One of Britain's biggest industry exhibitions has issued guidelines over diversity, equality and inclusion amid concerns over lingering sexism in the business world.
UK Construction Week, which attracts more than 600 exhibitors and over 35,000 people every October, faced intense scrutiny last year when one exhibitor's stall feature skimpily clad women.
The number of so-called "promo girls" at last year's conference was so startling that one of the attendees asked "How many hot pants do you need?".
One stall in particular was strongly criticised for featuring Las Vegas-style showgirls selling roofing products.
"We had standard guidelines," Nathan Garnett, event director of UK Construction Week, was quoted as saying by the BBC.
"We understand it was a mistake, but we've turned it in to a positive.
"The company in question has apologised for what's happened. The theme of the stand was 'Why gamble?' but it went too far."
In recent years, the construction industry has taken steps to improve diversity within the sector, by attracting women to jobs in the industry.
Construction Week, which is held at Birmingham's NEC, has now introduced a stricter code of conduct, which regulates inclusion, diversity and equality. The guidelines will also apply to the design and staffing of stands, as well as the clothing worn.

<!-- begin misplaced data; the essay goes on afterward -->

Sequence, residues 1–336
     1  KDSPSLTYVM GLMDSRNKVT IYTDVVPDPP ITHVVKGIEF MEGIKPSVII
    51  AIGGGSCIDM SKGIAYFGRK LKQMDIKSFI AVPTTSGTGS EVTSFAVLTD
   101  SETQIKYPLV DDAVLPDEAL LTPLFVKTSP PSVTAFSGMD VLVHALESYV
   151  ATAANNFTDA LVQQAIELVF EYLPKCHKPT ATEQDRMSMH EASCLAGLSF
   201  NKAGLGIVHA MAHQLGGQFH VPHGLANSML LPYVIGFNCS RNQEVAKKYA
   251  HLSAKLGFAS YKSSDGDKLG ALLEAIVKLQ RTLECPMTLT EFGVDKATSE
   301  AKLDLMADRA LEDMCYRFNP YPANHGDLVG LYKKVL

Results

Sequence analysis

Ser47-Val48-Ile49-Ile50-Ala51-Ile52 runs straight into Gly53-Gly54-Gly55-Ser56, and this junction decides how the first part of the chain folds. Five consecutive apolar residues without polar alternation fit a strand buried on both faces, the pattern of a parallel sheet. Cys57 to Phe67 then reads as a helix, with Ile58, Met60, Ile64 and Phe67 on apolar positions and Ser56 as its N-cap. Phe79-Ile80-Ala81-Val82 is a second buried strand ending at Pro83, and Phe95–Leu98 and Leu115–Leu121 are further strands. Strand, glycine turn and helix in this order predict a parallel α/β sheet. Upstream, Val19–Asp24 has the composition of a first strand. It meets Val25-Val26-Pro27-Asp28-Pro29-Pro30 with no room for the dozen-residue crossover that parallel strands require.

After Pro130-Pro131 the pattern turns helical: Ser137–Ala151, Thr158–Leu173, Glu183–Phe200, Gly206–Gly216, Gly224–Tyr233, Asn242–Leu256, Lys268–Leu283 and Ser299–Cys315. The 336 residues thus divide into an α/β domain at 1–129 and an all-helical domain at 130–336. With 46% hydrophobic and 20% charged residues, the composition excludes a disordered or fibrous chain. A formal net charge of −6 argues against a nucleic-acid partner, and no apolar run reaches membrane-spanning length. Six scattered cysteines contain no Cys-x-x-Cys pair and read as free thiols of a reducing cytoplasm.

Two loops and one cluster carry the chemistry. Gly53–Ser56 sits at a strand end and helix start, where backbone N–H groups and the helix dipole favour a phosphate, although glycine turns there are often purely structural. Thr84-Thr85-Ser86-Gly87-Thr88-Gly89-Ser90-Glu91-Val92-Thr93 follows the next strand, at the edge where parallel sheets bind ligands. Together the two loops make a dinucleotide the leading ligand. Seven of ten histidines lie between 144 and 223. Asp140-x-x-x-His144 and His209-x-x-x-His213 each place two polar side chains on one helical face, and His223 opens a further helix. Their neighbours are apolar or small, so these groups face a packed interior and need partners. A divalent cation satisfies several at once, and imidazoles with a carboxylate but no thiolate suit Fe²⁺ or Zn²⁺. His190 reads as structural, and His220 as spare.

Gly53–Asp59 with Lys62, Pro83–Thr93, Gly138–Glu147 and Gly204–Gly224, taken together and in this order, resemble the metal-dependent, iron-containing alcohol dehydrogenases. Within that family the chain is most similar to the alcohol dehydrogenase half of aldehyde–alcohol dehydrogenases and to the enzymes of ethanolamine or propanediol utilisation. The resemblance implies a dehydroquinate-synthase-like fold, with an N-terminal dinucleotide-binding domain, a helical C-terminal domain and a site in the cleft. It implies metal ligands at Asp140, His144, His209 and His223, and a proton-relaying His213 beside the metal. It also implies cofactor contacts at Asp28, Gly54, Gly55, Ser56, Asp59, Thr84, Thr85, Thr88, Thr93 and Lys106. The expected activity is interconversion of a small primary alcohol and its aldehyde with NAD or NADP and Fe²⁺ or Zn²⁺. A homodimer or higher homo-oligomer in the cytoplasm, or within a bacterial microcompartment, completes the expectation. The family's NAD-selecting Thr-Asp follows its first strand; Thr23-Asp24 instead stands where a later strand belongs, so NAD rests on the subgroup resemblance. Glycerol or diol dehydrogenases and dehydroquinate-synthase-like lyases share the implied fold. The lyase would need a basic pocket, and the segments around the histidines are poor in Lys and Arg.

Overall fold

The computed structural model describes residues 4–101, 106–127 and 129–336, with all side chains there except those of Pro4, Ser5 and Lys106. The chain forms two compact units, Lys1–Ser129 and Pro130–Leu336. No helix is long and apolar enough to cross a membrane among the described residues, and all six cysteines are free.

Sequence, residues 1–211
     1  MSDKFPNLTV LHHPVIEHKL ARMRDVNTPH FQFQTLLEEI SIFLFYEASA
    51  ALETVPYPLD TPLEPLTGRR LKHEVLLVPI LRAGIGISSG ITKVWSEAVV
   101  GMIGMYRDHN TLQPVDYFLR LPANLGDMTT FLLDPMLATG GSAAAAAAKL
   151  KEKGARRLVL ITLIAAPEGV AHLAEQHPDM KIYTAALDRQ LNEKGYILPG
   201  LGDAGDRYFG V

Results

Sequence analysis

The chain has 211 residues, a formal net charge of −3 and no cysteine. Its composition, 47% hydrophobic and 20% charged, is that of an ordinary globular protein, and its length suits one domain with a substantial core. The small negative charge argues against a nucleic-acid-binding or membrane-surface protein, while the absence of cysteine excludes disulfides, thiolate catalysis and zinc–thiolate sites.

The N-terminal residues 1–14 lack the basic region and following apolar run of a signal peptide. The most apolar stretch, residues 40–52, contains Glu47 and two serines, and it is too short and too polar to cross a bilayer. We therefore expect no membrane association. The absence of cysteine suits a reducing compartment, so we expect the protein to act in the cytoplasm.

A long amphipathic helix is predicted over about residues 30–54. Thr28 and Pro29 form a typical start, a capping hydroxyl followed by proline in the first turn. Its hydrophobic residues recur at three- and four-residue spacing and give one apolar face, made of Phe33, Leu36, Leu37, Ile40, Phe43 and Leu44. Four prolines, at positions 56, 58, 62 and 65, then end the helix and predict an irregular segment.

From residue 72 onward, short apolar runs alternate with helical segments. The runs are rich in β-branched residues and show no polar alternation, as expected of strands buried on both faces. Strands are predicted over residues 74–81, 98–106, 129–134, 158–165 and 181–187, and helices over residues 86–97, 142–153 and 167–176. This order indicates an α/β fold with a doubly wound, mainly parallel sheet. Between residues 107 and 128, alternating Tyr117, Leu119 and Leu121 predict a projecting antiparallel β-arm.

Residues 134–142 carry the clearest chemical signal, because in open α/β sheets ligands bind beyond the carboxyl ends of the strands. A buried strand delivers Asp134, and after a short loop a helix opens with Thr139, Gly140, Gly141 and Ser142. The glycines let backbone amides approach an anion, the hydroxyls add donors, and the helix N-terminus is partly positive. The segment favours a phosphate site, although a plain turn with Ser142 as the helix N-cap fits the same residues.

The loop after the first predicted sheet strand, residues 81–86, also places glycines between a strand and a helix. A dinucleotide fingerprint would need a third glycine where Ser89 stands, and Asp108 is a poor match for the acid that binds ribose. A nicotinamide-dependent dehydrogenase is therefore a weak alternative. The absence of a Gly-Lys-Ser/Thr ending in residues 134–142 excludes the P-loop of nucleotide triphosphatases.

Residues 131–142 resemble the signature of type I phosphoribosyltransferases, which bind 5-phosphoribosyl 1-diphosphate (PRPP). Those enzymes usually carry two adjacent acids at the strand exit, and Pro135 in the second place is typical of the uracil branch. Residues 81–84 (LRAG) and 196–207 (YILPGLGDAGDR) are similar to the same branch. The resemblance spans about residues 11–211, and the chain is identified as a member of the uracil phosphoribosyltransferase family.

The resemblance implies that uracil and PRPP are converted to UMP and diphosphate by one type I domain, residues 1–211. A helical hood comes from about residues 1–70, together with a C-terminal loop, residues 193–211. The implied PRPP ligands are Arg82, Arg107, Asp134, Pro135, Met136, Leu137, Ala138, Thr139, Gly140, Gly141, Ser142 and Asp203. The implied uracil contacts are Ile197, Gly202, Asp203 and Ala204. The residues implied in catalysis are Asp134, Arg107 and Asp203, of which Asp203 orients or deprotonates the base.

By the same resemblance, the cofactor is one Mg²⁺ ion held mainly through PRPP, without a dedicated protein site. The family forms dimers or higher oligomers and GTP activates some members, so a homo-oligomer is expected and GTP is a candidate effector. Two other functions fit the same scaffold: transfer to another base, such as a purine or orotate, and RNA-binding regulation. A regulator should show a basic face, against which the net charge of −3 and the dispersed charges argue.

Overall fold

"Consider the mix of staff you have on the stand (gender, age, ethnicity etc)," the document states.
"Do they represent the diversity of your company, and if not, be prepared to explain why not?"
The move comes amid an increased push for gender equality across a number of industries, after business and sporting events were criticised for promoting sexism.
Last month, a scandal broke after it emerged female hostesses were allegedly subjected to sexual harassment at the prestigious Presidents Club gala dinner.
According to an undercover investigation by the Financial Times, many of the attendees at the men-only event at the Dorchester Hotel in London harassed, groped and propositioned female hostesses.
The club, which had raised millions of pounds for charity over its 30-year existence, has since folded in the face of claims.
Since then, Liberty Media, the owner of Formula One, has opted to scrap the so-called "grid girls", stating the practice of placing scantily dressed model on the grid was not in line with the sport's values.
"While the practice of employing grid girls has been a staple of Formula 1 Grand Prix for decades, we feel this custom does not resonate with our brand values and clearly is at odds with modern day societal norms," said Sean Bratches, Formula One's managing director of commercial operations.
The Professional Darts Corporation has also opted to abandon the use of "walk-on girls", who used to accompany players on stage.